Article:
The draft amendments to the Labor Code also include a provision on the employer’s obligation to justify the termination of a fixed-term employment contract.
Until now, the employer only had to justify the termination of an employment contract concluded for an indefinite period of time.
According to the justification of the draft, the aim of the above regulation is to equalise the situation of employees working under fixed-term non-fixed term contracts. It is pointed out that such a solution will cause problems both for employees and employers, at the same time disturbing the separation between fixed-term and non-fixed term contracts.
Other changes included in the proposal
Other provisions of the project include:
- making entitlement to parental leave conditional on the mother having a title to insurance at the date of the birth;
- providing the employee with the right to be employed by another employer at the same time;
- providing the employee with the right to ask the employer for a more favourable form of employment for the employee which guarantees more predictable and safer working conditions;
- granting the employee the right to free training, if such training is necessary for the performance of the work.
In addition, there are changes in the scope of probationary employment contracts, concerning the length of the probationary period – it will depend on the expected duration of employment and the type of work.
Another amendment, on which the polish Parliament is currently working, aims to regulate home office, which, according to the project assumptions, is to replace telework.
Home office will be to be agreed upon at the conclusion of the employment contract or during the employment. The act will also regulate:
- control of home office by the employer;
- health and safety rules;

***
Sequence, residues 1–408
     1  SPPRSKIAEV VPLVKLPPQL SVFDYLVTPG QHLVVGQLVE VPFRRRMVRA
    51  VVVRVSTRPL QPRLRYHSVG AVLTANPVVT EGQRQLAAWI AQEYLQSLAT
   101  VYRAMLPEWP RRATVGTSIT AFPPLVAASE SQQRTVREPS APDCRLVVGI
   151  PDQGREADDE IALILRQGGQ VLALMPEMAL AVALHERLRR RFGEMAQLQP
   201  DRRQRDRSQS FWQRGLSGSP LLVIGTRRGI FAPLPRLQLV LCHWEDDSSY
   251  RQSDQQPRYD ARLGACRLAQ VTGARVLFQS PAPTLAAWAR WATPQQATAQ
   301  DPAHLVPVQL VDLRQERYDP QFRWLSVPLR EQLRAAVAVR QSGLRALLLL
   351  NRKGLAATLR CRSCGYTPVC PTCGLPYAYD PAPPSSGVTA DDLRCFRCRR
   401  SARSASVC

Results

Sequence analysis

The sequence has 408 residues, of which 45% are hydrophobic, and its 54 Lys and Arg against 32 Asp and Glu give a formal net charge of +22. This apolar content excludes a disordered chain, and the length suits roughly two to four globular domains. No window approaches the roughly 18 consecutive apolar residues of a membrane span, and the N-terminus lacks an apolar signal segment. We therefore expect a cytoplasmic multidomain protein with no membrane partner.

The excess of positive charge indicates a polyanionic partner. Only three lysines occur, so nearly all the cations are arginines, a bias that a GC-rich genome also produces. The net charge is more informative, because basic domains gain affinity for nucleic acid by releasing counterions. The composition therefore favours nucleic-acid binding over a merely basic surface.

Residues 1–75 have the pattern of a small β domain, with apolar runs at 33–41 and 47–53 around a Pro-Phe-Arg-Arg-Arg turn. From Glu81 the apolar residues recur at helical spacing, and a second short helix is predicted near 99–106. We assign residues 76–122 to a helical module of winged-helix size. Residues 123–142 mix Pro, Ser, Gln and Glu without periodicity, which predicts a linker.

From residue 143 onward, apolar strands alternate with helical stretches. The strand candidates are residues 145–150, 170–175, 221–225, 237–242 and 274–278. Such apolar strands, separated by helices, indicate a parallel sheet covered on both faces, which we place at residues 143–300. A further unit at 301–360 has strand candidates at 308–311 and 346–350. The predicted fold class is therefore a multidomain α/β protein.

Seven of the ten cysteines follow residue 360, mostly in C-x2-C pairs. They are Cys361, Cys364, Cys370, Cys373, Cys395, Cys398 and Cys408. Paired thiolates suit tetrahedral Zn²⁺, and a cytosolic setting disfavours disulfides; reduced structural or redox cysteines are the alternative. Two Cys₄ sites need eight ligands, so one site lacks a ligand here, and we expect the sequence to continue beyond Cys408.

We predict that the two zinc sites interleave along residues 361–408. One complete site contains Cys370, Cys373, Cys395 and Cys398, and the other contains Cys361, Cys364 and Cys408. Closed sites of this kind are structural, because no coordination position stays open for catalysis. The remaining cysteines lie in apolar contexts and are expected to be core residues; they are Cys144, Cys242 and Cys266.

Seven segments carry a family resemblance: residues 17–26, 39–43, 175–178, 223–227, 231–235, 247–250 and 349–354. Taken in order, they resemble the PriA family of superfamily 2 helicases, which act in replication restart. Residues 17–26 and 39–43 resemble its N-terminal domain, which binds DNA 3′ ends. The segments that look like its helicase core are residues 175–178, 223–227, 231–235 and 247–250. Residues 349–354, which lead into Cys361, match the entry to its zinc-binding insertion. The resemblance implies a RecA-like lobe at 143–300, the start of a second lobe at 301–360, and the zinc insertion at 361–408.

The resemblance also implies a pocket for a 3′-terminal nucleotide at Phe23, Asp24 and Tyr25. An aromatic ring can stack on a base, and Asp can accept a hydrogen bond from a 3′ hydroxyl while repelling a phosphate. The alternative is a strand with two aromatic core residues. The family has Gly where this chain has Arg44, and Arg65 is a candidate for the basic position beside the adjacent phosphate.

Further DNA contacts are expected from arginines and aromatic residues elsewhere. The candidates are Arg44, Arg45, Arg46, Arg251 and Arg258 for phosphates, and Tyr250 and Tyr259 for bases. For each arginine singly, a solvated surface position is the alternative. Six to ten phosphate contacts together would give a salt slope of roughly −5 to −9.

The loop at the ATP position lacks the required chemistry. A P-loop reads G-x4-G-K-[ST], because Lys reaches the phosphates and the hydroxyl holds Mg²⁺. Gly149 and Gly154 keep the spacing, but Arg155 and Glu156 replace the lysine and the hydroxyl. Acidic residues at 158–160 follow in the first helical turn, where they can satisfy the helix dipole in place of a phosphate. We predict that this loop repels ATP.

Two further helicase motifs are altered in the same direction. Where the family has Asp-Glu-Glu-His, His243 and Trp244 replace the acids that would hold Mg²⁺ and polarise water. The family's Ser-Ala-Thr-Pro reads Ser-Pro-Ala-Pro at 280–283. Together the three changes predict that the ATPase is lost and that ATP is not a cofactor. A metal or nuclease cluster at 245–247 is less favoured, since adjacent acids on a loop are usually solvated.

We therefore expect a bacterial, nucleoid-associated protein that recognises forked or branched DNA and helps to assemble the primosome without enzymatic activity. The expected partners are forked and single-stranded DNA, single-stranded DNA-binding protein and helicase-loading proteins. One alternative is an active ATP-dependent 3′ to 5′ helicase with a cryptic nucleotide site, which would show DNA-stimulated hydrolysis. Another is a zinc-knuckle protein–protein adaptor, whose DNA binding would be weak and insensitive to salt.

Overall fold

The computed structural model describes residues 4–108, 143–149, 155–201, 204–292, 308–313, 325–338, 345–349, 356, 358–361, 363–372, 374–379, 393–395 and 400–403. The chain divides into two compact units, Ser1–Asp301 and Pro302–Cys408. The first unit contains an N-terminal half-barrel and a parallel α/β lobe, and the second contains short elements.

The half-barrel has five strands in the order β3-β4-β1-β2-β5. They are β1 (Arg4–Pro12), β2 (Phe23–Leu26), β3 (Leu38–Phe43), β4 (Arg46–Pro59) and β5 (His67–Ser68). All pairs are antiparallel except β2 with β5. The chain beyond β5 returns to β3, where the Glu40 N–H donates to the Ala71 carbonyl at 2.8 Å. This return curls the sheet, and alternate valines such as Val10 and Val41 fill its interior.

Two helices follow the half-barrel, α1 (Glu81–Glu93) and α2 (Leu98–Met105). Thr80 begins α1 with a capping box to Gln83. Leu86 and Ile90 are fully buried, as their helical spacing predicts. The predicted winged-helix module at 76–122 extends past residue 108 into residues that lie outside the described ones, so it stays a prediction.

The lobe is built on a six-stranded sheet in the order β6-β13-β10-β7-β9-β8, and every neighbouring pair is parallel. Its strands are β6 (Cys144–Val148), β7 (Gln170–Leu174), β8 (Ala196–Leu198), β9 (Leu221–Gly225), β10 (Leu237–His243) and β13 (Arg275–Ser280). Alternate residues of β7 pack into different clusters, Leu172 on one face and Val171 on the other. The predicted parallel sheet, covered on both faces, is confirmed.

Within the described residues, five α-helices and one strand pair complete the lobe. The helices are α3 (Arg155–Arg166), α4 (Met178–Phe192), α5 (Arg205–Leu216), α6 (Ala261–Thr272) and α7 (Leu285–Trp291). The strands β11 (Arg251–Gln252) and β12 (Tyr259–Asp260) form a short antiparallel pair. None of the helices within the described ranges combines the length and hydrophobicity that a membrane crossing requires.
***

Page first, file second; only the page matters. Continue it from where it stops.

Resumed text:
- definitions and circumstances of home office accidents;
- as well as accounting for the costs of home office.
The act is also intended to grant the employee the right to be on the premises of the workplace on the same terms and conditions as the general workforce and to prohibit discrimination against a remote employee.
The regulation of preventative checks on employees for the presence of alcohol or drugs similar to alcohol in their bodies is a very important legislative step, especially that there is currently no legal basis for such checks in Polish law, and that they often need to be carried out for safety reasons.
Even more changes
In addition to the above-mentioned projects, at the end of January 2022, a parliamentary bill on special solutions for the protection of life and health of citizens during the COVID-19 pandemic was submitted to the Sejm, providing, among other regulations, solutions allowing:
- employers to require employees and persons cooperating under civil law contracts to show the result of a COVID-19 diagnostic test once a week; this is to be free of charge for employees;
- employees to claim compensation for contracting the virus at work from an employer or employee who refused to take the test and infected a colleague.
Is it not too early to implement the changes in the workplaces?
It seems that it is still too early to modify the existing regulations or introduce new ones. At this stage, it is worthwhile to follow the progress of legislative work and possibly map areas that will be worth looking at once the final version of the draft is available.
Paulina Czaja, LL.M., trainee attorney-at-law (PL)